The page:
The spot where the toilet used to be makes a nice alcove for wire shelving for the sprout trays. We removed the door from the shower surround and set up the sinks inside. The sinks drain into a pipe that will empty into a 5-gallon bucket so I can capture the rinse water for watering my plants (sprout rinse-water is supposed to be full of plant growth enzymes.) If we ever move or I discontinue c growing sprouts, it will be very easy to revert this space to a normal bathroom.
After sanitizing all the surfaces I painted the walls with scrubbable paint--bright alfalfa sprout green with white wainscoating.
All I need now is a small work surface for spinning out the spouts and a radio to keep me company during the rinsing hours.
Saturday, July 17, 2010
We dined at a little coffeehouse and while we were there, a bunch of the bikers from the ride came in to fuel up a bit. There were 5 intrepid women in crazy mohawk helmets and they allowed me to photograph them.
Red Ribbon Ride, an annual 4-day ride from Minneapolis to Rochester and back that raises money for HIV-Aids service organizations. The women are known as "Team Milkshake" and this is their 6th year participating. This year they raised $13,400 in pledges. They also raise money by organizing an art auction in the Twin Cities. Over the 6 years they have raised over $120,000 for this cause!
Today is an incredibly steamy day - I wish them cooling tail-winds.
Friday, July 16, 2010
The farm has a new character--Gourdetta, who stands patiently in the middle of the veggie garden with the mission of keeping the birds away from the raspberries and tomatoes.
Gourdetta is much too skinny to be mistaken for me, however. Perhaps I should stuff her a bit to give her a more womanly figure.
She keeps the birds away, the turkeys help keep the bugs at bay.
Thursday, July 15, 2010
It was such an oppressively hot, sultry day yesterday that sweat ran down your body even when you were sitting still doing nothing. The temperature was upper 90's but it was extremely humid; the heat index was 115 degrees F. It sure felt like tornado weather, and there was a tornado watch called for all of southeastern Minnesota.
This is our week for taking off from the Farmers Market -- happily, we will have time to clean up the fallen tree branches.
Tuesday, July 13, 2010
Last night as we closed up the chicken coop and barn for the night, Cadence noted with a bit of concern that the turkeys had elected to sleep on the pile of brush in the bonfire circle by the big trees in the back yard. Last year we lost 25 chickens to a family of great horned owls, many of them nabbed in this exact spot. But, we haven't seen or heard any owls this summer and the turkeys were all settled in for the night so we didn't make them move.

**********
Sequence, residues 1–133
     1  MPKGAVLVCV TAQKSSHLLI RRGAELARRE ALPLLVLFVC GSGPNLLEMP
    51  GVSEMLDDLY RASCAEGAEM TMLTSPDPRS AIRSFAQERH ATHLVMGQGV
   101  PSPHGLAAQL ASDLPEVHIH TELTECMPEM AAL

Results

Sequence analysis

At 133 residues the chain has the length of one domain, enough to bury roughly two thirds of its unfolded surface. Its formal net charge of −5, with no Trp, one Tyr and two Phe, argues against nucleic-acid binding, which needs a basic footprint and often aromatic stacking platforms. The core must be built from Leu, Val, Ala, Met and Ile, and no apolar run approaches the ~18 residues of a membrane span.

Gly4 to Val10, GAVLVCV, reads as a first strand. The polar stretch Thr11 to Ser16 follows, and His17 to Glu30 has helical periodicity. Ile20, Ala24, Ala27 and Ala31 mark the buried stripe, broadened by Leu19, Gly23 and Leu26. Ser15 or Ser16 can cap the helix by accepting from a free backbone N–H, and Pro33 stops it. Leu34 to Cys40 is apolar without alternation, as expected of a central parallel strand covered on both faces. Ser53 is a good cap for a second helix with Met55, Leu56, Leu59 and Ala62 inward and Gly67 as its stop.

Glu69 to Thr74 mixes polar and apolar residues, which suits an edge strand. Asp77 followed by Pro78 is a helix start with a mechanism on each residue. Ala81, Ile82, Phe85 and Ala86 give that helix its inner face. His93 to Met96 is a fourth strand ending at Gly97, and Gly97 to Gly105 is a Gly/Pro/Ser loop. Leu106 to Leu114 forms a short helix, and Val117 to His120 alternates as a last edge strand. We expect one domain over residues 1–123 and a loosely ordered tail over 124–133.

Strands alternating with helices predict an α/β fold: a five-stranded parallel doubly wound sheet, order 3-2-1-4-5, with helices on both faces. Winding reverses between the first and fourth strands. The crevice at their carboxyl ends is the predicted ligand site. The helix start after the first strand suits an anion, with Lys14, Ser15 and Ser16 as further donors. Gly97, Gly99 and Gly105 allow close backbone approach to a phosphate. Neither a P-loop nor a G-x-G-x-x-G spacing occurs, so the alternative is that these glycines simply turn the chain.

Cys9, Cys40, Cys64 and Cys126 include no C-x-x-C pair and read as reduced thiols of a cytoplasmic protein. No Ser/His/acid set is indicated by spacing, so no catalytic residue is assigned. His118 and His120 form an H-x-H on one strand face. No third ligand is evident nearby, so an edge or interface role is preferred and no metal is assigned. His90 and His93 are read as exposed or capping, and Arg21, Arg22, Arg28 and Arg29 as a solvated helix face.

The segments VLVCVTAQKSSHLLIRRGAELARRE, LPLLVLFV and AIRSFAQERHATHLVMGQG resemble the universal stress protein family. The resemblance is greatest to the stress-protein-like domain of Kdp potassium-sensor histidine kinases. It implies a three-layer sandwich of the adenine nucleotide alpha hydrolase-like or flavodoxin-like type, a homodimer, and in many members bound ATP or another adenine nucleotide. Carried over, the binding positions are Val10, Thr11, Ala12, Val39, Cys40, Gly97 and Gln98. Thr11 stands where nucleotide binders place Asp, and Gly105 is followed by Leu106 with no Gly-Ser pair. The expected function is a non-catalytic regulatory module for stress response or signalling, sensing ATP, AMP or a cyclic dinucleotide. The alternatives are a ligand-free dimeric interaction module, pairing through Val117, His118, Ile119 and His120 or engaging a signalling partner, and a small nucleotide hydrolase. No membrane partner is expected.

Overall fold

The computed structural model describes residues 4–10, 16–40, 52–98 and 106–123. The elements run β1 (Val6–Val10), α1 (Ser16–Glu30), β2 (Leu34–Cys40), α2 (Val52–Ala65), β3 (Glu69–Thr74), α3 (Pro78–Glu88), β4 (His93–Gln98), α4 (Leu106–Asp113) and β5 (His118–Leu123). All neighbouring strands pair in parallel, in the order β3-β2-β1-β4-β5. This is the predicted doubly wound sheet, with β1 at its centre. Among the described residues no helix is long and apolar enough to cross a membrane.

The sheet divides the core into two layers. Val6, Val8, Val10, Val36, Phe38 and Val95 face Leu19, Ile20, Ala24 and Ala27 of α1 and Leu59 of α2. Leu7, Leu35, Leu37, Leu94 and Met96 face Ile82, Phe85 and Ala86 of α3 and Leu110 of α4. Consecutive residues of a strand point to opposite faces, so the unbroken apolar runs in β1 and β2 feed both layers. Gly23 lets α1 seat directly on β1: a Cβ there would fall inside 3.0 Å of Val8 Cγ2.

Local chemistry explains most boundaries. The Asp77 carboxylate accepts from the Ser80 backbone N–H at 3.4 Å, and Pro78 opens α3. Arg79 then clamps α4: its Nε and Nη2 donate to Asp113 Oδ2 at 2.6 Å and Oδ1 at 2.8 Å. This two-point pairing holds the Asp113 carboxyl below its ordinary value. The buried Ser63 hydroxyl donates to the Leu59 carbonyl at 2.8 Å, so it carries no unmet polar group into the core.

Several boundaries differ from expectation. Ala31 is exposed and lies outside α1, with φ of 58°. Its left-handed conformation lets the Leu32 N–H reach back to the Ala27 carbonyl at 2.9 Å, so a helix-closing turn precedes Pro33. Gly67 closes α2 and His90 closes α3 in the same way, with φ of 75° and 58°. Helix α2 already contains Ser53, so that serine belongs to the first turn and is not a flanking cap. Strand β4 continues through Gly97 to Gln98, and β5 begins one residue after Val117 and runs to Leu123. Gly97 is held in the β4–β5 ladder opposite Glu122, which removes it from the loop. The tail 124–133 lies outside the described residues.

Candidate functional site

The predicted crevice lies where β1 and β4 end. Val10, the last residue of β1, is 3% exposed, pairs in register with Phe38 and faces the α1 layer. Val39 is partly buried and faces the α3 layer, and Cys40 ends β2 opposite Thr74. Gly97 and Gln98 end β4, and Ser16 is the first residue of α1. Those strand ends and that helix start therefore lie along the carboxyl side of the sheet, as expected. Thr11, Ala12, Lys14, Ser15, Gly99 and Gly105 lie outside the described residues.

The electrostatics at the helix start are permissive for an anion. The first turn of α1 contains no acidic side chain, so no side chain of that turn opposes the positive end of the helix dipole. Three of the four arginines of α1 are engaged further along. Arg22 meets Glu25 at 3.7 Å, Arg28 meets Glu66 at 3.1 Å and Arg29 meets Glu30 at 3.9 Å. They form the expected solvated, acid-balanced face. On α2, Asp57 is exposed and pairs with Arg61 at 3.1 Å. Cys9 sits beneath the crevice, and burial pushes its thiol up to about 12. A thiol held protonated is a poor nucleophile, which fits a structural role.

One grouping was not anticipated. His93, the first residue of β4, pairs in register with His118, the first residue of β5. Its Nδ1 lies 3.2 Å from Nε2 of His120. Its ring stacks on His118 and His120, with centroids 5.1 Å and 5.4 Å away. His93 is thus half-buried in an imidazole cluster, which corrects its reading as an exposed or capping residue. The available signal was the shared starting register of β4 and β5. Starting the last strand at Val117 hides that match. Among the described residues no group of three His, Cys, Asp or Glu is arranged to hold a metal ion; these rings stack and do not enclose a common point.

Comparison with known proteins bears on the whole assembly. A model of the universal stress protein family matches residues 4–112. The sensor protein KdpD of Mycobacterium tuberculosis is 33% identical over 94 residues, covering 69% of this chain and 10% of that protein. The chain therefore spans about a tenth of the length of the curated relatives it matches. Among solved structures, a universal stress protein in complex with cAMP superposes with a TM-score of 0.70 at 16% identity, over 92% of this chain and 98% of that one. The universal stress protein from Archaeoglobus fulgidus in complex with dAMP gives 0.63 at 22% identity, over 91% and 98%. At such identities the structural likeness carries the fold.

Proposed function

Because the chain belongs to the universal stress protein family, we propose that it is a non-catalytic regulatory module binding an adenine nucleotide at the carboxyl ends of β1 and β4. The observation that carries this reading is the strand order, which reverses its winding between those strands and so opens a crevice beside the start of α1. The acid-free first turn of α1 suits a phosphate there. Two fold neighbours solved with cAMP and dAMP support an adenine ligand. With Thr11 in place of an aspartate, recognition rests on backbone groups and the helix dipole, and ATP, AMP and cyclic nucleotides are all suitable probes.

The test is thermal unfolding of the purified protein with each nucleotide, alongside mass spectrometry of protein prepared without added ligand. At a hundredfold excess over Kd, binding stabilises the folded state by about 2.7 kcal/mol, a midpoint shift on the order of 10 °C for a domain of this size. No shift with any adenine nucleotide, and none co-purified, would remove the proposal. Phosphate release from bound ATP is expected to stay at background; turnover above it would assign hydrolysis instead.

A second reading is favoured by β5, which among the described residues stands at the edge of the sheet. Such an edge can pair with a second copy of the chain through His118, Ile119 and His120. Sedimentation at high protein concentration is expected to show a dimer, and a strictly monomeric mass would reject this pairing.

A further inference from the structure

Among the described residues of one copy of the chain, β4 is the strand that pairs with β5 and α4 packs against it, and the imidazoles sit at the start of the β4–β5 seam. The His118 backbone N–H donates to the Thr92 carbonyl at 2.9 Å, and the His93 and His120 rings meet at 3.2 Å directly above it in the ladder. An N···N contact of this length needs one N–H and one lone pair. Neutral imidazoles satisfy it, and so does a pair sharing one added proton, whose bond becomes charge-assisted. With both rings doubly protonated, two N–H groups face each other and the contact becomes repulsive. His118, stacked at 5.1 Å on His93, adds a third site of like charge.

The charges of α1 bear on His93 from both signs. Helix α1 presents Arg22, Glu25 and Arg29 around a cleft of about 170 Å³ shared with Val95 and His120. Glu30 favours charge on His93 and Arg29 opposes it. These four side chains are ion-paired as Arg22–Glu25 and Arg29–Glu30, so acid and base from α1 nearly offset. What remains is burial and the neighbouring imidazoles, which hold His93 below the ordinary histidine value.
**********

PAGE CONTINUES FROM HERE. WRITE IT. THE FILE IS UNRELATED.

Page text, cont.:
Terrible mistake. This morning we discovered three of the nine turkeys beheaded and one totally missing, presumed eaten. Cadence was especially upset - she adores the turkeys and they follow her everywhere. She was most outraged that the owls are so wasteful, only eating the heads and leaving the bodies. One turkey they killed but didn't eat any of it.
Sadly, Cadence buried the turkeys under her grapevines where at least they will provide a bit of fertilizer. We will have to start herding the turkeys into the barn at night, at least until they are considerably bigger.
The five remaining turkeys seemed pretty calm for having just survived a night of carnage. Above, one of them is doing what I call "Turkey Tai Chi"in the morning sun. The turkey balances on one leg and very slowly and gracefully stretches the other into an arabesque.
Monday, July 12, 2010
There's nothing like an impending garden club tour of your farm to inspire a flurry of weeding, mulching, staking, thinning, planting, mowing, chicken-coop-cleaning and patio-powerwashing. That's how we spent yesterday. This morning before 7 a.m. I weeded the new asparagus rows planted this year (celery growing between.) I didn't take a "before" photo, but trust me, you would have had a difficult time recognizing it as an asparagus bed. Tonight I will mulch.
The yard, patio and garden are looking pretty presentable. Tonight I tackle the chicken coop and barn...